I am glad I missed the hype on this novel, compared to the Hunger Games and Divergent series. If I had read some of the reviews I might not have started this book, and wonder if we read the same one! (I was surprised my library doesn’t have this author.)
Read on:
Kristin Cashore series, Rachel Hartman Seraphina (soon to be released Shadow Scale!), Samantha Shannon, Bone Season and The Mime Order (older YA)
Laini Taylor Daughter of Smoke and Bone
Quotes:
A “live” fight was no easy task. But if she did well, she was minutes away from her father’s approval, from joining her ancestors in the noble duties of a Seeker.
There was only the fight; consequences didn’t exist.
I want you to be the John I knew before. The one who wanted to do honorable things. To help people.
He was about to tell her things she didn’t want to hear.
We believe the athame ends up with whom it belongs. Do we not?
Great minds are not what’s wanted, only good hearts. Good hearts choose wisely.
You’ve sunk as far low as you can go when a healer wants you gone
.

Read as an ARC from NetGalley

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Time Abroad is Never Wasted

 

The Last Enchantments by Charles Finch. Given the title and the name of the author I thought “Oh! Another Victorian mystery, but set in Oxford!” As in the gentlemen detective Charles Lennox in 7 erudite mysteries, with the 8th to be published this year The Laws of Murder. This book, however, is contemporary literary fiction, with more than a twist of memoir I suspect. It is also a well written, readable, interesting thought provoking novel. The privileged WASP protagonist is in his mid twenties, somewhat immature, naive and untempered, feeling adrift with the political campaign loss. He decides to take a hiatus/sabbatical (i.e graduate studies in literature) at Oxford. It is an older coming of age story, concerning a contemporary generation and gender I am somewhat removed from. I thought Will was a cad with unusual remarkable American charm, but still a bounder. That you like him and sympathize with his interior life is due primarily to excellent writing, clever plotting and intriguing host of characters which are integral to the story. Certainly an interesting perspective of the younger generation, with literary twists. The atmosphere is spot on, with wonderful descriptions of British academia and Oxford. The title is a relevant, haunting Mathew Arnold quote from his Essays in Criticism (1865): “Oxford whispering from her towers the last enchantments of the Middle Age . . . Home of lost causes, and forsaken beliefs, and unpopular names, and impossible loyalties!”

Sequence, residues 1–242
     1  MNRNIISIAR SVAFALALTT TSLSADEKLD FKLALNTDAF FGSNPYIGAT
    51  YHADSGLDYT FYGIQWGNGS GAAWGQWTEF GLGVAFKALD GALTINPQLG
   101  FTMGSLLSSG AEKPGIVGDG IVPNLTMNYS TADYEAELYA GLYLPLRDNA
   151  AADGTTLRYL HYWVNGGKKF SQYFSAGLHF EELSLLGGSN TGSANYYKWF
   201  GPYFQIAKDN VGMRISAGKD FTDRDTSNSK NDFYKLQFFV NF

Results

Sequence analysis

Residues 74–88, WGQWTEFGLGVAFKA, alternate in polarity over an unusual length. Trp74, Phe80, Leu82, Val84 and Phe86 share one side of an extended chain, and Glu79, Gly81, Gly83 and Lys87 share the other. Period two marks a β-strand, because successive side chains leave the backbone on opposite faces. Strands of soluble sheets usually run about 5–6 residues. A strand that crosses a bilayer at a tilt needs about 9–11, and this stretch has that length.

Thoughts of this book lingered over several discussions concerning the themes of this book. Who are the speech writers of campaigns, how young is idealism, what differences in American and British universities, cultural differences in generation and privilege (the phrase American pet irks), noting marriage is no longer the next step on graduating (either high school or college), men’s behaviour vs women’s, teenage to adult angst – while I am also hunting for the greater good and personal responsibility. I understand a sense of greater freedom, perhaps more potential, but those aren’t irrevocably lost by aging.

“When you’re finally grown-up, one of the things you find is that there are no grown-ups.”

You will like this if you are a reader (great literary references), an English major (including former degrees!), an expat, anyone who loves the magic of Oxford (as the town plays a central character) or an academic (without having to experience office politics). I am ready to go back to his Victorian era any time too.